Addis Ababa/Nairobi/New York: One of the most severe droughts in recent history prevailing in the Horn of Africa has left more than 15 million people across the three countries in the region – Ethiopia, Kenya and Somalia – facing high levels of acute food insecurity and severe water shortages.
The present drought follows three consecutive failed rainy seasons and the threat of large-scale loss of life in Africa’s Horn is rising each day. Experts believe there is an urgent need to scale up the humanitarian response to save lives and livelihoods and avert the worst outcomes. The United Nations has called for more funding to tackle this climate-induced emergency.
In Kenya, about 3.5 million people are severely food insecure, and acute malnutrition rates in some areas are more than double the emergency threshold. In the village of Lomopus, community members told the United Nations’ Emergency Relief Coordinator, Martin Griffiths, who was in Kenya on May 12 and 13, 2022, that this was the worst drought in living memory. They said many families had lost their livestock and were struggling to survive and meet their families’ needs. “Those who manage to buy food are sharing their meagre supplies with their neighbours, while many only have palm fruit to eat,” they said.
In many regions of Ethiopia including the Somali region in particular, more than 8 million people are affected by the drought. More than 7.2 million people need food aid, and 4 million people need water assistance. At least 1.5 million livestock have died in the country due to lack of pasture and water, while an additional 10 million livestock are at risk. Many of the remaining livestock are weak and provide little or no milk, which is affecting children’s nutrition. Schooling for more than half a million children has also been impacted. At least 286,000 people in Ethiopia have migrated in search of water, pasture or assistance, and these are people with the means to travel. Others, often the elderly or the sick, have had to stay behind.
Griffiths met with representatives of the Government, people on the front lines of the crisis, local authorities and national and international humanitarian partners. He informed that in Ethiopia, $480 was required to support the humanitarian response through October in Ethiopia.
Last month, Griffiths released $12 million from the Central Emergency Response Fund (CERF), while the Ethiopia Humanitarian Fund also apportioned $17 million to the response. The UN Secretariat in New York disclosed that some 4.9 million people were thus far provided with food, more than a million livestock have been treated or vaccinated, and over 3.3 million people were receiving water assistance in Ethiopia.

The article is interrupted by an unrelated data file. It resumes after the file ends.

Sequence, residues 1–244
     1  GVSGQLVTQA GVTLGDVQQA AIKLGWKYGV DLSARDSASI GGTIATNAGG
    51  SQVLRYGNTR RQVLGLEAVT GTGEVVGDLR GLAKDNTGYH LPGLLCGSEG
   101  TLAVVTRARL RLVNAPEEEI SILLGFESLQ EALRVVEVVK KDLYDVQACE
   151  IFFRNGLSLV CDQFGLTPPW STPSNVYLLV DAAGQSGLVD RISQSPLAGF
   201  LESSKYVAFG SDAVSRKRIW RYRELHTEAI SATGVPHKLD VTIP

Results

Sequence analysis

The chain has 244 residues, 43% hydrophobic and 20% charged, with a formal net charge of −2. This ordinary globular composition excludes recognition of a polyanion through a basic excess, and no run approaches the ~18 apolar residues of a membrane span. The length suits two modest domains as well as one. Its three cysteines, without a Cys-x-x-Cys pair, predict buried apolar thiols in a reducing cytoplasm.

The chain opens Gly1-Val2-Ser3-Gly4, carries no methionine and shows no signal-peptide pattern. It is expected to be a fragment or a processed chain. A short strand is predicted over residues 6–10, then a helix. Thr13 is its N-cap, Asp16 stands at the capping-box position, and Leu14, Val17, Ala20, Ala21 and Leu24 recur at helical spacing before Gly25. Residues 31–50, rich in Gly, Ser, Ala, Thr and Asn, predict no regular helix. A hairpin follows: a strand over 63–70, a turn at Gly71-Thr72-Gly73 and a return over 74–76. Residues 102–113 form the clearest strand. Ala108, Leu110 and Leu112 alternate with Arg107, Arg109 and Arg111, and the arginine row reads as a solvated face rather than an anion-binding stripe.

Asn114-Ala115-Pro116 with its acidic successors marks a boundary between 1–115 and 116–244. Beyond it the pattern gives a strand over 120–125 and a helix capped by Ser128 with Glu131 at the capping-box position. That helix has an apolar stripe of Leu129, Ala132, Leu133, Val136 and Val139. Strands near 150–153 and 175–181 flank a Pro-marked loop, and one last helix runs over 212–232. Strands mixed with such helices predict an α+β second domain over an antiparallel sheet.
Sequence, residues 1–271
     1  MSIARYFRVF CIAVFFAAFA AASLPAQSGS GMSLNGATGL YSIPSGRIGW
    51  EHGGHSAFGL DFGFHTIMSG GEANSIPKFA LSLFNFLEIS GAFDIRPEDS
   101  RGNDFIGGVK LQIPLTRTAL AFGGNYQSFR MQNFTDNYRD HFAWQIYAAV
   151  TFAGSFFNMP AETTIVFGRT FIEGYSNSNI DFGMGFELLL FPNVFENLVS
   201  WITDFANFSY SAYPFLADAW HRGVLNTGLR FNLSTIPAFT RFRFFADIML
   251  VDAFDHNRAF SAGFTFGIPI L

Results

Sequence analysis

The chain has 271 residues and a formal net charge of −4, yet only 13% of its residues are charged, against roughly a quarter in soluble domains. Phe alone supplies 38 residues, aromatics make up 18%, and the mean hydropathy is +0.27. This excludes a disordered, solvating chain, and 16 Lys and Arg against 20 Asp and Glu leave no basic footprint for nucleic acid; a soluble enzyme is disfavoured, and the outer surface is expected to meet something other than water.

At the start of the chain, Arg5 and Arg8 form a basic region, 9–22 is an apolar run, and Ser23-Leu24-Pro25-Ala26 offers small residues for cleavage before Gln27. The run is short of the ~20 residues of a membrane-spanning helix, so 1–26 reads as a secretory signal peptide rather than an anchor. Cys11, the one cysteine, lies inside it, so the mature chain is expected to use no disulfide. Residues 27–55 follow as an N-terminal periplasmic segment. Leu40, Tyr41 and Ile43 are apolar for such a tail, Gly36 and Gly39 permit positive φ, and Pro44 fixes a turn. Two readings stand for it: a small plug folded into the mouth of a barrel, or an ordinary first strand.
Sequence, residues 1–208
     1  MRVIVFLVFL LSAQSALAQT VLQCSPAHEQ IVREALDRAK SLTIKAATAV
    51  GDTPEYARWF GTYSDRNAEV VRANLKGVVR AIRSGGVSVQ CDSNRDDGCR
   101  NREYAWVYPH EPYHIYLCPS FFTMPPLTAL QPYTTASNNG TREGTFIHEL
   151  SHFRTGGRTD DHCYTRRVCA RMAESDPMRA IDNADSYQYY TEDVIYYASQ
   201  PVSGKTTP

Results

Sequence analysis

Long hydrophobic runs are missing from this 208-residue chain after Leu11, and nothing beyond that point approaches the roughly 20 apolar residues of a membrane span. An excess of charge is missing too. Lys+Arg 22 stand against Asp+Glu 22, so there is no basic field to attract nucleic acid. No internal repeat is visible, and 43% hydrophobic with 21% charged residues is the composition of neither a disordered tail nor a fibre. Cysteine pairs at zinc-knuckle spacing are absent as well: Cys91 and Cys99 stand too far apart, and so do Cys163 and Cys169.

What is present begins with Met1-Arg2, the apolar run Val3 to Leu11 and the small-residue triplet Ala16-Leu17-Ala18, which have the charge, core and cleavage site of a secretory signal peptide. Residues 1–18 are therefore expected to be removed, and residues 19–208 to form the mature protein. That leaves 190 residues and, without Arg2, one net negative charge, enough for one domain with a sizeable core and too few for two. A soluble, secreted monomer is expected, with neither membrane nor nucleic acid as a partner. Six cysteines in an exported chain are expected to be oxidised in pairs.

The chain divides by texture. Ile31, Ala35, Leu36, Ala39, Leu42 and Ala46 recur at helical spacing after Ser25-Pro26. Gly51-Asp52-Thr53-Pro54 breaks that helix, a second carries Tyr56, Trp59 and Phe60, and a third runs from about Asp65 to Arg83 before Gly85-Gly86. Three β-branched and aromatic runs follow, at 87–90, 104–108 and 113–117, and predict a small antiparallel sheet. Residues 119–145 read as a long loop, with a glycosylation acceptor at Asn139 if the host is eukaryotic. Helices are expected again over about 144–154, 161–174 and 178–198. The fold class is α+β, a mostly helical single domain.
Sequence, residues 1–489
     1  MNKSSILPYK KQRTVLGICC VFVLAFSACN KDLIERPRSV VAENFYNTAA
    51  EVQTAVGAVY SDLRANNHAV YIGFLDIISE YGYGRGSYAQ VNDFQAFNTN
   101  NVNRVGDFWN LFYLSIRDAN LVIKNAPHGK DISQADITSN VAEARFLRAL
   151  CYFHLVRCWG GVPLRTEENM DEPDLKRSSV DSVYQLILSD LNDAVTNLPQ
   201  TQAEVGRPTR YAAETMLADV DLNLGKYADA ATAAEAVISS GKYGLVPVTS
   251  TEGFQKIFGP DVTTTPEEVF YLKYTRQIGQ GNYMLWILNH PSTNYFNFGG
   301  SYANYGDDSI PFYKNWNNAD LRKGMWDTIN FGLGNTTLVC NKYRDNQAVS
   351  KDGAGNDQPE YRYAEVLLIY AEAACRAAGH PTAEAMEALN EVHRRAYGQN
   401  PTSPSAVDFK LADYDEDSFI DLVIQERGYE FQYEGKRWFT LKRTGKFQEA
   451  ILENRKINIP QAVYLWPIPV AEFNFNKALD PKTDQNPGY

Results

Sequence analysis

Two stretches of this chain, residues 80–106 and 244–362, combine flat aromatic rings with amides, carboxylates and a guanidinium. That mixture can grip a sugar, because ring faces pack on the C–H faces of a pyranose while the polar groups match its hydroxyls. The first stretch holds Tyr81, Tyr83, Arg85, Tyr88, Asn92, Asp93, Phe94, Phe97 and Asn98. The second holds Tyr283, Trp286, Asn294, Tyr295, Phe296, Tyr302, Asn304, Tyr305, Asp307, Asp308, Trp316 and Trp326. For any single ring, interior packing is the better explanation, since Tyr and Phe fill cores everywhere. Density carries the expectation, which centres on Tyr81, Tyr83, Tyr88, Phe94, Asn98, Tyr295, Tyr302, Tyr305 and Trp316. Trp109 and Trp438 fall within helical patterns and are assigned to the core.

Griffiths emphasised that the world must not look away from the rapidly escalating drought crisis in the Horn of Africa, calling for urgent action and increased resources to help communities survive the drought.
Studies have shown that severe drought affects Africa more than any other continent, with more than 300 events recorded in the past 100 years, accounting for 44 per cent of the global total. More recently, sub-Saharan Africa has experienced the dramatic consequences of climate disasters becoming more frequent and intense
Globally too, the number and duration of droughts have increased by 29 per cent since 2000, as compared to the two previous decades. When more than 2.3 billion people already face water stress, this is seen as a “huge problem”.
A report published this week by the United Nations Convention to Combat Desertification forecasts that by 2050, droughts may affect over three-quarters of the world’s population. Mortality related to droughts represents around 60 per cent of the total deaths caused by extreme weather events, while droughts represent only 15 per cent of natural disasters. The report points out that between 1998 and 2017, droughts have led to global economic losses of approximately USD 124 billion.
Drought is not just the absence of rain; it is fueled by land degradation and the climate crisis, the report says, adding that droughts are becoming more frequent and severe across all continents – “an omen of a world where freshwater and fertile soils are increasingly scarce”.
Recent scientific studies on drought point to a precarious future for the world and all nations says the report titled Drought in Numbers 2022-restoration for readiness and resilience.
– global bihari bureau